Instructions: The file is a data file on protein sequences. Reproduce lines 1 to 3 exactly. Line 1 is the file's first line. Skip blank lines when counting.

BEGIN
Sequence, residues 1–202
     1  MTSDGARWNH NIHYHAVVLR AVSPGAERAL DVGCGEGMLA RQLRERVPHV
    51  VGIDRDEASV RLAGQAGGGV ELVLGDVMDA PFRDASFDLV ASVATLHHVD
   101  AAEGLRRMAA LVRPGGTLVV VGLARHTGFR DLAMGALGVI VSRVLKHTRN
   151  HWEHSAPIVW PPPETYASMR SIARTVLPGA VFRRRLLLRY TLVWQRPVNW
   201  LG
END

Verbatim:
Sequence, residues 1–202
     1  MTSDGARWNH NIHYHAVVLR AVSPGAERAL DVGCGEGMLA RQLRERVPHV
    51  VGIDRDEASV RLAGQAGGGV ELVLGDVMDA PFRDASFDLV ASVATLHHVD